While Brad was sitting in his apartment he would hear Page practicing the harp through his wall.
“I think one day he had this idea of what would it sound like if we put these instruments together,” said Andrew. “He had kind of introduced himself to her before. He wrote a song with what she was playing once and met her that way.”
Brad and Page performed together as the opening act for fellow Montreal musician Patrick Watson, which led to a vision of a band incorporating the harp and guitar.
The Barr Brother’s performance at Starbelly will be their first in area.
“First of all I’m just looking forward to being in that part of the country where the air is fresh and the trees are big,” said Andrew.
“And just building a relationship with that part of the country and that is what we do. We tour around and I think the festival is a great opportunity to meet a bunch of people who wouldn’t otherwise have ever heard of you but all of a sudden you’ve made some fans and there is a reason to go back.”
Jeff Crosby and the Refugees
Jeff Crosby is no stranger to small towns.
Growing up in Donnelly, Idaho (population: 150), Crosby learned the importance of classic songwriting and musicianship.
“I think the first album that I ever bought was that Crosby, Stills and Nash album with Wooden Ships on it,” he said from a band rehearsal in Los Angeles where he now lives. “It would be between that one and Paul McCartney’s Wings record. It’s kind of funny because I was a skateboard kid but that’s kind of what my mom made me listen to constantly. I would be skateboarding and all my friends would be listening to punk rock and I was listening to Paul McCartney and they all thought it was a little weird.”
Even though his family didn’t have a lot of musicians in it, Crosby picked up the guitar when he was 16.
“I’d always written poetry and stuff and when I started playing guitar it was pretty natural. I started writing songs right away,” he said.
Shortly after Crosby started playing, a local band made up of older musicians, decided to take him under their wing.
“They thought I was pretty good so they started taking me out and letting me play gigs with them,” he said. “They sort of showed me the ropes and how to get on the road and make a living.”
While Crosby may call the big city of LA home now, his music is still rooted in his upbringing in Idaho.
“I think that’s what kind of propels my music and that’s really an obvious difference with my music and the music that I see and the people that I play with here,” he said. “It almost feels like somewhat of an advantage. It makes for really interesting songs. You have this wild transformation when you go from this tiny town playing folk music with these older fellows in this hat shop in Donnelly, Idaho, to this club off of Sunset where everyone is so cool it’s gross.”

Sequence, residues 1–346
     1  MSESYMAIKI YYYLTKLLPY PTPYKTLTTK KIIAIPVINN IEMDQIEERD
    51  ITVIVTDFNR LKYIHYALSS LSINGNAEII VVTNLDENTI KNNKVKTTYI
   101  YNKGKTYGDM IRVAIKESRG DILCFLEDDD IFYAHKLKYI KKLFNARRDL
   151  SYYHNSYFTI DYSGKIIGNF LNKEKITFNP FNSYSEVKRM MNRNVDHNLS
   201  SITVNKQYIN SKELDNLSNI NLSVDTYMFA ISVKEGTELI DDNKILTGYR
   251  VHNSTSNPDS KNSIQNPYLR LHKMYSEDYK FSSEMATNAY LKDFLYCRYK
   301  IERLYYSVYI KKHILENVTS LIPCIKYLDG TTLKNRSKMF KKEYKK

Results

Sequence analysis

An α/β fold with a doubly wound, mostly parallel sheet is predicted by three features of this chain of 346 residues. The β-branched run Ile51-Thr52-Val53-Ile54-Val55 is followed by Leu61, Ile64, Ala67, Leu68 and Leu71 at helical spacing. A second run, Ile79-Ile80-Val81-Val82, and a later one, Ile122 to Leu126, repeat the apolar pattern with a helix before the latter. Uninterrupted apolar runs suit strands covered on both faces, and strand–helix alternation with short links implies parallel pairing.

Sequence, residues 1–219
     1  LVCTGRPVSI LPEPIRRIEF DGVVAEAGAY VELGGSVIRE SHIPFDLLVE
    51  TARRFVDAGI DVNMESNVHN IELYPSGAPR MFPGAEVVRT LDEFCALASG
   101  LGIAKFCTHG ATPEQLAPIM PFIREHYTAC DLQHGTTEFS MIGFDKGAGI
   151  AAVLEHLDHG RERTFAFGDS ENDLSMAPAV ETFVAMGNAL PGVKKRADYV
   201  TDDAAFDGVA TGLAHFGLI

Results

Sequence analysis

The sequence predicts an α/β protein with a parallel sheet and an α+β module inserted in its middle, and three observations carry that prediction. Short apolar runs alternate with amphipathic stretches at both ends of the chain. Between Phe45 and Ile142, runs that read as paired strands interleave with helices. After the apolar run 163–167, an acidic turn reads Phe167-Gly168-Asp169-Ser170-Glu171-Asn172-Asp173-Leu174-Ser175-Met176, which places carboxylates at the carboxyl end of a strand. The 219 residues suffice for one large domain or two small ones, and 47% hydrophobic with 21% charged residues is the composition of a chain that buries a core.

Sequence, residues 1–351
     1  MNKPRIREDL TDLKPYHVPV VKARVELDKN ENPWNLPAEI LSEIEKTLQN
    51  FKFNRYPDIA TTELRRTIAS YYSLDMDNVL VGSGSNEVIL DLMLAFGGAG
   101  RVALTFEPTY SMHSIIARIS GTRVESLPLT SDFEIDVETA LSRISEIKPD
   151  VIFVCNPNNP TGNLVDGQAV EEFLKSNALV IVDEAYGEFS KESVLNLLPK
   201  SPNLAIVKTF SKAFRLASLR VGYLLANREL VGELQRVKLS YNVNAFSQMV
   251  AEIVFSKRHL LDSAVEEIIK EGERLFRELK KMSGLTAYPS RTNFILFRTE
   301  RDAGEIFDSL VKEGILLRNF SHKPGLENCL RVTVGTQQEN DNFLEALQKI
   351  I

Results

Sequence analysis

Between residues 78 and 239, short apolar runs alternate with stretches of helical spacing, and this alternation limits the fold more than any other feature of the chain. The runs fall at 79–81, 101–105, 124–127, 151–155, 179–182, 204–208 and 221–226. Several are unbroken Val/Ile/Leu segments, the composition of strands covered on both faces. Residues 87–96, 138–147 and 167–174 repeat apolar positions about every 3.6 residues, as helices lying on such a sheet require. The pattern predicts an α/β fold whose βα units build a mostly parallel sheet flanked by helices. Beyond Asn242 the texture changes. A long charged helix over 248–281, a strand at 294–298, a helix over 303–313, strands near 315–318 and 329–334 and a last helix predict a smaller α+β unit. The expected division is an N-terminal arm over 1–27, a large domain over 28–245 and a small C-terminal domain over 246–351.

The Daniel Huscroft Band
For Langley-based musician Daniel Huscroft, next weekend’s performance at Starbelly Jam is a bit of a homecoming.
Huscroft was born in Creston, just down the road from Starbelly.
“I am excited,” he said. “It’s my favourite time of year to comeback. It’s pretty exciting to come home and especially to play some music.”
While Huscroft is a guitar player and singer/songwriter now, his musical roots are in classical music.
“Pretty much if you were born into my family you had to play violin, so when I was a kid I played violin,” he said. “We had a little family band and we all fiddled, my two older sisters and my brother. My brother became an auto mechanic, but my two older sisters are still musicians as well.”
When Huscroft was a teenager, he realized that playing Vivaldi concertos wasn’t “really cool.”
“I was like every teenager who hears some Led Zeppelin and wants to be a guitar player,” he said.
Huscroft played guitar with American singer Sarah Kelly and went on to write music for her first two major albums.
With Grammy nominations and experiences playing with some of his musical heroes like Slash, Huscroft decided to go solo.
“It wasn’t until 2010 that I decided I wanted to do my own solo stuff,” he said. “So far that’s been my greatest music endeavour because it’s been so personal. I do miss playing in a band so now I’m getting a band together and we’ve toured a bit and I’m going to bring that band to Starbelly when I come.”
Huscroft recently played up in Kaslo over the Canada Day long weekend, but has never played at Starbelly.
“I’m looking forward to the people that are just so free in their dancing that they are able to dance without any inhibition,” he said. “They are so free in how they dance out in the Kootenays and the earthier people. I’ve always tried to do that and I guess I’m not a dancer, maybe I’ll learn something out there.”